About a third of Daesh returnees have turned to crime after arriving in Sweden, according to a survey conducted by the national broadcaster SVT.
The broadcaster has surveyed 41 of the returnees and found that 13 of them have been convicted of crimes or a currently under investigation.
Drug offences, theft, handling stolen goods, fraud, abuse, extortion, money laundering and tax evasion are among the crimes listed.
Arguably the most high-profile crime involves a lynching in Örebro's no-go zone of Vivalla, where a mob attacked a man in what was believed to be a deal between rivalling gangs; a 31-year-old Daesh returnee delivered a final blow with scissors. The returnee acknowledged striking the victim in the head, not intending to kill him.
According to the police, the former jihadist cut the victim in the face seven times. The returnee claimed he "saved people" and went so far as to demand a medal for his feat, the daily newspaper Expressen reported.
"Many of them have previously had a criminal background, so it's hardly surprising," Sweden's leading terrorism researcher Magnus Ranstorp of the National Defence College commented when describing the jihadis' criminal ways to SVT.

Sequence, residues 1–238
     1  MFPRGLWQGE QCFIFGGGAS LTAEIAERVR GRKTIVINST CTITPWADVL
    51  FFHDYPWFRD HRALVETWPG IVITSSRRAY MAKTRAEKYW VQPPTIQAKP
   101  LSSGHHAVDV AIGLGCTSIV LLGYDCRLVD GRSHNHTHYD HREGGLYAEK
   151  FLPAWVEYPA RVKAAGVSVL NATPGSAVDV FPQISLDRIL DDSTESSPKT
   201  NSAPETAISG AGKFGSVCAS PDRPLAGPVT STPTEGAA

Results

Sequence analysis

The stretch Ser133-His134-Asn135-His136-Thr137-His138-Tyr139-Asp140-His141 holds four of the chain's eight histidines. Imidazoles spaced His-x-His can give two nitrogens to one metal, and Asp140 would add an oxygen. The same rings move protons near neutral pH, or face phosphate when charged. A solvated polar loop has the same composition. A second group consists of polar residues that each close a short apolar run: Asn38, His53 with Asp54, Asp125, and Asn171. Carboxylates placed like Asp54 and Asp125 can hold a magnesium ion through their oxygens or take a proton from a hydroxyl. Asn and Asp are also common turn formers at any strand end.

Two years ago, Ranstorp's team published a report on Sweden's "foreign fighters", which concluded that many of them indeed had a criminal background. Therefore, it's no wonder they returned to their previous lifestyle, he argued.
He attributed the fact that SVT found no Daesh brides who'd been convicted of crimes to the fact that they are largely isolated at home.
Ranstorp is an outspoken critic of Sweden's handling of jihadi returnees, which he called "beneath all criticism". Ranstorp has called for a national programme for jihadi defectors similar to the one used for gang criminals.
Out of 300 Swedish jihadists, about 150 have returned home, and more are currently attempting to come back as their "caliphate" nears total defeat. Of those who have returned, only two men from Gothenburg were sentenced for terrorist offences, fueling a hot debate on the future of Daesh returnees.
While the right-wing Sweden Democrats champion retroactive legislation against jihadists as well as laws that would necessitate that they be locked up for as long as they are deemed to pose a threat, several parties, including the governing Social Democrats and their temporary sidekicks the Liberals, have proposed an international tribunal.
Meanwhile, Sweden's traditional media are rife with calls to take back "Daesh brides" and their children.
Lawyer Thomas Olsson went so far as to stress in an opinion piece that trying to prevent Daesh terrorists from returning to Sweden was "undemocratic".
* Daesh (ISIS/ISIL/IS/the Islamic State) is a terrorist organisation banned in Russia